Yes, there is a band from Los Angeles named Vagenius. Yes, the music does kind of have that retro-pop feel to it. Yes, the lead singer plays the keytar. Yes, she occasionally sports a 10-inch platinum blonde mohawk. Yes, the drummer usually wears a headband. And, yes, I know what you’re thinking. But get over it.

The band is sick of critics judging their book by its cover. Look beyond the name, hair, clothes and instrumentation. If you don’t, you’ll be missing what Vagenius is all about – the music.

"We are definitely not electroclash," says drummer Joachim Cooder.

Singer/keytarist/bassist Juliette Commagere, stunning and flashy on stage as the front woman of the trio, is down to earth like one can only wish more musicians would be. And she agrees with Cooder.

"Electroclash is more about clothes and the ’80s," Commagere says. "I feel like we’re actually writing songs; old-style songs, not necessarily ’80s songs. I mean, I like to have fun and get dressed up, but I’m also trying to make music and push myself to write the best songs I can write and sing the best that I can sing."

This is an idea that has developed more seriously over the years that the trio’s members have known one another. Commagere and Cooder met at a seventh grade picnic, where all the girls flocked to the tall, young Cooder, screaming his first name and trying to get his attention. (Actually, that still happens to him.) Commagere could not help but take notice, and eventually they started a Mexican-American country-roots band called Radio Bemba. Guitarist/keyboardist/renaissance man Jared Smith joined the band after stumbling upon Cooder while they were both attending Cal Arts, in Valencia.

But obstacles and mistakes took over Radio Bemba. Finding common ground between the band’s seven members became stressful. There was controversy over another artist using the same name. They were showcasing for labels too soon. And when it came down to it, Commagere, Cooder and Smith were at the core of the band.

After the dissolve of their first band and a short stint with poor guidance from managers and unhelpful producers, the three decided to "start at the very bottom," recalls Cooder. "It became a constant evolution for us."

A year spent practicing was followed by the need for a new band moniker. Airport, to commemorate the band’s practice spot in a storage space at the Santa Monica airport, was already in use by another band. Lady Grenade was tossed out after female suicide bombers started headlining the news. With Commagere constantly using the term "vagenius," a friend dared them into calling themselves just that.

"Jared and I were reluctant at first," says Cooder. "We thought it would be really gutsy, but realized it really wasn’t. The world has become so homogenized and beyond corporate. There’s no counter culture anymore to the point where the silly name ‘Vagenius’ causes a stir and no one wants to take any chances. They do and they don’t."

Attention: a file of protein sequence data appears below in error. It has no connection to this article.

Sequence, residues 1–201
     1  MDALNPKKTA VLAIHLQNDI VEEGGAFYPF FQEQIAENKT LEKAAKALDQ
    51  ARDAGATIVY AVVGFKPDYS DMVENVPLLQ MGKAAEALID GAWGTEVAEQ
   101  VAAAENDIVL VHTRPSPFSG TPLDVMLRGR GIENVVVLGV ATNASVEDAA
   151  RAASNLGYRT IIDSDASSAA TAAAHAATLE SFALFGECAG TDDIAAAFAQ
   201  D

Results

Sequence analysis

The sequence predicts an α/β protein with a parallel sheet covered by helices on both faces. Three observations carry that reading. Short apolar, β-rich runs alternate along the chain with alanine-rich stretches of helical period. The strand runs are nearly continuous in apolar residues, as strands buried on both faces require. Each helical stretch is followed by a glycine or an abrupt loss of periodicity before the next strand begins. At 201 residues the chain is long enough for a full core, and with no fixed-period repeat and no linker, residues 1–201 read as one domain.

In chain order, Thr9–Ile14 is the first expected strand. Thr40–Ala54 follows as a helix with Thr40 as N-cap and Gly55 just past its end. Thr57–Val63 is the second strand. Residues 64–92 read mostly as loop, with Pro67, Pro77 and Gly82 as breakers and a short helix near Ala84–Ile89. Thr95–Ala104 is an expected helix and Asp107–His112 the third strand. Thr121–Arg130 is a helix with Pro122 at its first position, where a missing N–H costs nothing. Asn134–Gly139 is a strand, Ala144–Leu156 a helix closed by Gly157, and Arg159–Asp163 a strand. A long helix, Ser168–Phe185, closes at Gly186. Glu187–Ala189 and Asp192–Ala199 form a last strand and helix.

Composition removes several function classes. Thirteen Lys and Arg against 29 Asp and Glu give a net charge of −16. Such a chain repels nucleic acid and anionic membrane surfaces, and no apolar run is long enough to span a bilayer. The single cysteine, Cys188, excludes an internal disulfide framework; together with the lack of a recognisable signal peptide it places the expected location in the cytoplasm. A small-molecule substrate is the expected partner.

Case in point: the all-ages Orange County venue, Chain Reaction, won’t book them because they’re scared parents will get upset. Some label reps and even their old lawyer didn’t want to help out or be associated with them under that name.

The temptation to change the name is there, but it’s not a major concern for the band’s members. Vagenius is more focused on its music. The mix of synth-rock-pop is reminiscent of the Killers, only tastier and with a Blondie aftertaste. They note ZZ Top, the Cars, Holland Wolf, and Ry Cooder as musical influences. And, of course, you can’t ignore the influence of the ’80s.

"We grew up in the ’80s, what do you expect?" says Smith. "If you listen to [our music], there’s an incredible amount of work going into it. It’s pure energy that is inside of us. We like well-crafted pop songs. You can write a pop song, but it’s hard to write a good one."

After two years of striving do just that, the work has paid off. Without a conscious effort for self-promotion, the band garnered attention when playing for a friend’s fashion debut in front of the old Vice store, in Silverlake. Francis Miranda produced their EP and they even toured with Kings of Leon earlier this year.

Nowadays, A&R reps swarm to Vagenius’ live shows, but the band’s members remain grounded with what they’re doing and why.

"We’re a lot more focused now. I think about it every single day," says Commagere. "We thought, ‘Wouldn’t it be fun? We’ll just play songs.’ We’re still doing that, but the band is a profession now. We’re so obsessed with our band that I think we’ve gone crazy. I think about it all the time, all day. Before, I just made music."

Vagenius will perform Aug. 27 at the Sunset Junction Street Fair. For more information, visit